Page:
I'm a bit late on writing this up, so have probably forgotten some of it by now….On the 24th June I went to see a seminar from Exoftware.
In his talk, Kent will present a high level overview on the business value of developer accountability and a solid testing environment.
I wanted to see Kent Beck due to his seminal textbook eXtreme Programming eXplained and the fact that he wrote JUnit. Beck says that the 2nd edition of XP Xplained has been greatly refactored and that he has changed his approach in trying to get his ideas adopted. Rather than saying, "this is how you must develop" he says, "here are some things that worked for me, maybe you can adopt and adapt them".
His latest focus is on accountability. Quality is an instantaneous measure taken at a point in time. We have QA teams that test a finished piece of software until it is 'of a level of quality that it can be released'. We should be more interested in health. In a human being, quality would be like measuring your pulse rate, but health would be making you run on a treadmill and seeing how quickly your pulse can return to rest. In other words, health is the measurement of performance under stress.
"The shape of the software matches the shape of the team".
A large bloated team will produce a large bloated product and vice versa. In order to build great products you must concentrate on building a great team. Using the right tools and processes can enable a team to be flexible and accountable. Accountability is about being able to account for one's actions, this is not about being responsible for them for ever, but about being able to demonstrate what it is you have done. Tools like JUnit foster a climate of being able to demonstrate that a piece of software works, and in the action of doing so a Developer becomes more responsible and more accurate.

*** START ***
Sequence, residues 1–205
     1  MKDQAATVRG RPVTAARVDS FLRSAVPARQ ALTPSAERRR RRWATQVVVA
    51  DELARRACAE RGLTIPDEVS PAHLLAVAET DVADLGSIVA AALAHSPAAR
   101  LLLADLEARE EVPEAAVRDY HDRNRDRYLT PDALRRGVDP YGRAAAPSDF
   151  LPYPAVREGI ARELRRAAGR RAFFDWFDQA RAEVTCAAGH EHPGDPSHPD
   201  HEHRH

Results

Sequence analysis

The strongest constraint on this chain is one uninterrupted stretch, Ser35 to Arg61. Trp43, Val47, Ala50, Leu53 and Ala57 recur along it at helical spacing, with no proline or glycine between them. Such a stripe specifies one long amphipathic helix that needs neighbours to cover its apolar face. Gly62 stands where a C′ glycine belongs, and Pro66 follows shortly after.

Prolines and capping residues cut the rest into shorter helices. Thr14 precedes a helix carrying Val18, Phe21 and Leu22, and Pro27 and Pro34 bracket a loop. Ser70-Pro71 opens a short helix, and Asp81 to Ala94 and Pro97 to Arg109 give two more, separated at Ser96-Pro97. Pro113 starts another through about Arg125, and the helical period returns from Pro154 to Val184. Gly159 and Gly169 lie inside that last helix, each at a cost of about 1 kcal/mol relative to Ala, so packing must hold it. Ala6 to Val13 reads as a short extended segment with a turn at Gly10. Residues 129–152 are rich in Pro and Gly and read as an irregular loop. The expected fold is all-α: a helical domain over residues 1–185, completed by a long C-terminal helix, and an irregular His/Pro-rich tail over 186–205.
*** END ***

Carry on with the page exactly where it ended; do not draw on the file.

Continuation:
Beck posed the rhetorical question, > "What if you published all your test results on your companies home page" to which the answer is probably either, "everyone would start forging the results" or "you'd make damn sure that they all pass".
"Can the efficiencies and cost savings enjoyed by the manufacturing industry through lean and TQM manufacturing practices be applied to the software industry? In one word: absolutely! In this talk, Mary Poppendieck will take attendees through the benefits of lean software development and how to apply the practices to projects."
I didn't know what to expect from Mary Poppendieck, but I was pleasantly surprised. She talked about Just-in-Time workflow in manufacturing and how this could be translated to software development and made a lot of sense.
The first target in manufacturing is to reduce waste. Waste is seen in work in progress, so by increasing release cycles it is reduced. As Mary says on he website, "80% of the value of most systems is delivered by 20% of the features, and up to two-thirds of the features of most systems are rarely, if ever, used. The easiest way to develop better software faster is to Write Less Code. If we would stop spending time specifying, designing, developing, testing, documenting and maintaining features that are not going to prove particularly useful to our customers, we could focus on providing them with a significant competitive advantage." This statement should be music to the ears of both Developers and Company Owners.
Traditional project management tends to focus on 'resource utilisation', but what happens when you maximise the number of cars on a road? You get a traffic jam. Queueing theory looks at increasing the pulse rate through the workflow, and turning it into a pull process. This makes it more flexible to variability.
Another thing is measurement. An old project management adage is that "you can't manage what you don't measure", but when we find that the measure isn't working we normally go into more detail, whereas we should really do the opposite and go up a level. E.g. instead of measuring 'number of errors' maybe you should measure 'customer satisfaction'.